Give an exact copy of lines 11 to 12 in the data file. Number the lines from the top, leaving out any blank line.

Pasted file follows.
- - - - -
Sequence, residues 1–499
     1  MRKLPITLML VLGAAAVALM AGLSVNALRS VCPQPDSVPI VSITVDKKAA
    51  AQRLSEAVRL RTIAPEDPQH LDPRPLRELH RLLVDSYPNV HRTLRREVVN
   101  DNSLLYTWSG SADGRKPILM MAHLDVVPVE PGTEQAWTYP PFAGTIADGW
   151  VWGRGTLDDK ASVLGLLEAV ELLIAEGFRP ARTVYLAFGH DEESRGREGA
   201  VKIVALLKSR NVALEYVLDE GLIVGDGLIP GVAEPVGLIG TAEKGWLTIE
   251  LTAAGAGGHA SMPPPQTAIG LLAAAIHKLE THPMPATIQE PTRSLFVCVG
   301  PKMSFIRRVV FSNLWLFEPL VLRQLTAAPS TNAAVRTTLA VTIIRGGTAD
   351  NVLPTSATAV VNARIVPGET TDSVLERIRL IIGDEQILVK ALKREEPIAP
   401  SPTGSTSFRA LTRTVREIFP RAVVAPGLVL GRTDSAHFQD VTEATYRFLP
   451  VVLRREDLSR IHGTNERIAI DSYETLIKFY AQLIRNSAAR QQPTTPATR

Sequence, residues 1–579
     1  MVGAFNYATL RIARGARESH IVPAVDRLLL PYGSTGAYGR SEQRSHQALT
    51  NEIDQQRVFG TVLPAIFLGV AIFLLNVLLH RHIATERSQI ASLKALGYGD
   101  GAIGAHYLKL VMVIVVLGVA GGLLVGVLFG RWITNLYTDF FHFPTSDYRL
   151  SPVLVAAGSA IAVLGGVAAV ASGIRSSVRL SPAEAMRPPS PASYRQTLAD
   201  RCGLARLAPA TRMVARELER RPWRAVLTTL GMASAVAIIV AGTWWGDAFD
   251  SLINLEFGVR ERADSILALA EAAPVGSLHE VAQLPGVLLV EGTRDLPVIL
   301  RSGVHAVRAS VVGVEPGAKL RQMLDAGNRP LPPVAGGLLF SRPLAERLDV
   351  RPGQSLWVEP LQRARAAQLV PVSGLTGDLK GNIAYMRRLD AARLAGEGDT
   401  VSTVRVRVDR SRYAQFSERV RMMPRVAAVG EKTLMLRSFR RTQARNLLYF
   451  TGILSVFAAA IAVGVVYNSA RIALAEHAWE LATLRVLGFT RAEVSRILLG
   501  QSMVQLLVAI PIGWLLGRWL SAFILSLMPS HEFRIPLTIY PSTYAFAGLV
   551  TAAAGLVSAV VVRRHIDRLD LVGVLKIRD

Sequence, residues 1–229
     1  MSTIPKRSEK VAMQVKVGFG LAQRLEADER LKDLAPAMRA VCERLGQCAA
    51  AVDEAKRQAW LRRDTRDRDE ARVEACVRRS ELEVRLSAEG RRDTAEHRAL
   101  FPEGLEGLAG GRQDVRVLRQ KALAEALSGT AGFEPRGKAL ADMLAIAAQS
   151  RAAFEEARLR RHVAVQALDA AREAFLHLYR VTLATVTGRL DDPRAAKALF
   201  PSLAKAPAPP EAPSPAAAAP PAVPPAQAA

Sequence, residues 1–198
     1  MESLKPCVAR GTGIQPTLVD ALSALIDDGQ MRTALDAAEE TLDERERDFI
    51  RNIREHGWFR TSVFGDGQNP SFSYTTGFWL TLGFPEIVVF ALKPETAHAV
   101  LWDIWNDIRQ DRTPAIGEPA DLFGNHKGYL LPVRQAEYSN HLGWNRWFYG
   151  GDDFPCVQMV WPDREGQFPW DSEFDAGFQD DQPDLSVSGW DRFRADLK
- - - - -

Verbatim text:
   451  VVLRREDLSR IHGTNERIAI DSYETLIKFY AQLIRNSAAR QQPTTPATR

Sequence, residues 1–579